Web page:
CINCINNATI -- Open-air school founder. Cincinnati City Council candidate. Ohio Mother of the Year.
Meet Helen Lotspeich, a colorful character in the history of Cincinnati education whose vitality and commitment to children lives on at the Seven Hills Lotspeich School in Madisonville.
Born into a Quaker family in 1882, Helen Gibbons was one of four daughters of whom their professor father had great expectations. She attended school in Philadelphia, went on to graduate from the University of Pennsylvania and received her master’s degree in German at a university in Leipzig, Germany.
While her sisters went on to become a violinist/singer, a fine art painter and a university professor, Helen and the boyfriend she met at school in Germany returned to Pennsylvania in 1902 to pursue careers in education.
Claude Lotspeich, who was a native of Knoxville, Tenn., studied for his Ph.D. in English philology while Helen taught French and German at a school “run by Dunkards and Mennonites,” wrote her longtime friend and council campaign manager, Iola O. Silberstein, in an essay for the Winter 1983 of the Cincinnati Historical Society’s Queen City Heritage journal.
A Home School That Grew
They moved to Cincinnati where Claude started a 45-year career as a professor at the University of Cincinnati and were married in 1907. The first of five children, Henry, was born a year later in 1908. They bought a house on Resor Avenue in Clifton where Helen Lotspeich chose to home-school Harry because she didn’t like how public school children behaved.
Silberstein wrote that other mothers in the area were drawn to the 5-foot 7-inch, 200-plus pound Lotspeich’s “special genius for both motherhood and teaching.” She didn’t teach by rote or punish by paddle. They asked her to teach their children, and before long Lotspeich had 14 students in her house during the day, Monday through Friday. The year was 1916.
Lotspeich believed fresh air stimulated the mind, and when she had a framed school building built in her backyard, she didn’t close in the windows. Students at her Clifton Open Air School wore heavy coats, hats, stockings and mittens during the cold months – hence their tendency to have poor penmanship, Silberstein wrote.
“Each child had a small container with a chemical, which produced heat when water was added,” she wrote.
The students were taught reading, writing, arithmetic, music, arts and crafts, history, geography, science, manners and the Bible. Reading was encouraged, first and foremost. Students who had finished their class work would grab books and take them out into Lotspeich’s yard to read. She asked parents to read to their young children and keep a good stock of books for older ones to read over summer.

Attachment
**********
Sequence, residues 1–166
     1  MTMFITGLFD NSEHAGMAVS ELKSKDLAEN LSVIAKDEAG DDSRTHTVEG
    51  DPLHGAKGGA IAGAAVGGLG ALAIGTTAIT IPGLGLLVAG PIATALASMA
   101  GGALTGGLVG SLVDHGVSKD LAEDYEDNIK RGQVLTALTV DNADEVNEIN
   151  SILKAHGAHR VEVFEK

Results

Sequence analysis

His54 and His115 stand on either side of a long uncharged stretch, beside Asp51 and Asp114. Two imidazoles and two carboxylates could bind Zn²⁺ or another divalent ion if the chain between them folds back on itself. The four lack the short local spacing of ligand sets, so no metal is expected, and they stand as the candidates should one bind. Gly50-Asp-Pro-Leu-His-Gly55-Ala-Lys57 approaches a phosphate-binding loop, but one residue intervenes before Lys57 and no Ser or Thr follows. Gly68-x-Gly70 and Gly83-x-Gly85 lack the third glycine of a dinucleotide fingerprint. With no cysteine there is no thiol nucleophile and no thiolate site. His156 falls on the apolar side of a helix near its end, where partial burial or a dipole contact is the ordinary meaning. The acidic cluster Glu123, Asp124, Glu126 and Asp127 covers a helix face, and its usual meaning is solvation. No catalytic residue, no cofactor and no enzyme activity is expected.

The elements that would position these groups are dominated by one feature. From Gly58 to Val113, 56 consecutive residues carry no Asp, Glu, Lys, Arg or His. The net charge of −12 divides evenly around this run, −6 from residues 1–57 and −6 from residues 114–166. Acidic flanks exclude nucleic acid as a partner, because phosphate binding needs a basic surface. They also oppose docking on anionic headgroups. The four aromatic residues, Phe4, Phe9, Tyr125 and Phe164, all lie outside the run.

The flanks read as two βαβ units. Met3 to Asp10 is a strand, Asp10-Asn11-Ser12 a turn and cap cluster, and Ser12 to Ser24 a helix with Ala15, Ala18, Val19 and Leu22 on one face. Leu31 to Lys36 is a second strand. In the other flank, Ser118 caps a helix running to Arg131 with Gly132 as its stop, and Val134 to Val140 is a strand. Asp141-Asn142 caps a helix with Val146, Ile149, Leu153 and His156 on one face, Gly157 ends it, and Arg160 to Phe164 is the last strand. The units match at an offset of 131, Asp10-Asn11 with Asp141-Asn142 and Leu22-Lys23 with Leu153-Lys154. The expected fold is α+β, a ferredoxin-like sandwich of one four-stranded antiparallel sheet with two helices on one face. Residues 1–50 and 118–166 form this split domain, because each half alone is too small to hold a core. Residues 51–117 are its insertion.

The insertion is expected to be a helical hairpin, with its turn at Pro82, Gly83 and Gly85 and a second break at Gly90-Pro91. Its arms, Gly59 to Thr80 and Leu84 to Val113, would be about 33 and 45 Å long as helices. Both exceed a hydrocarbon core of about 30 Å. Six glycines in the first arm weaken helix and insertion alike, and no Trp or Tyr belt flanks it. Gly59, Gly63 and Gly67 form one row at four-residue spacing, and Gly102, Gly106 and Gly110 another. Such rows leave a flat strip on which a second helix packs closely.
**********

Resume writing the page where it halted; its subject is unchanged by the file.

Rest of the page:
Learning Through Experience
Lotspeich created a natural history museum of sorts in the basement of the family’s house, which children could add specimens to as long as they brought in a written description of their item. She believed children learned from their experience and took them on field trips to Burnet Woods and Music Hall to listen to the renowned Cincinnati Symphony Orchestra.
Silberstein wrote that Lotspeich was known to close her school on beautiful snowy days because there was more to experience outdoors on those days than in school.
That goes hand in hand with the Clifton Open Air School’s goal to help children to learn the three R’s plus, to love natural beauty and grow their intellectual curiosity. They were taught to appreciate storytelling on a daily basis.
When the cold became unbearable, the students would pile into her house to keep warm. The lessons would not stop, however.
Lotspeich, Silberstein wrote, “believed character development was the ultimate aim of education” and that happiness hinged on being obedient and truthful and considerate to others.
A Progressive Outlook
The school expanded into a lot the Lotspeiches bought next door. They added two more school buildings and hired more teachers. Still, Lotspeich controlled the purchasing and accounting of the business and looked over all report cards, making sure students were graded, not just for academics, but also for self control, social spirit, curiosity, neatness and effort. She believed that a good grade in the latter could lead to a good subject grade.
If an entire class misbehaved, Lotspeich would walk out. If just one student did, she would jokingly say “If you don’t behave, I will sit on you.” This kind of humor was common at Clifton Open Air School.
In many ways, Lotspeich was a true progressive of her era. She believed deeply in inclusion, welcoming Jewish students and teaching their religion in class.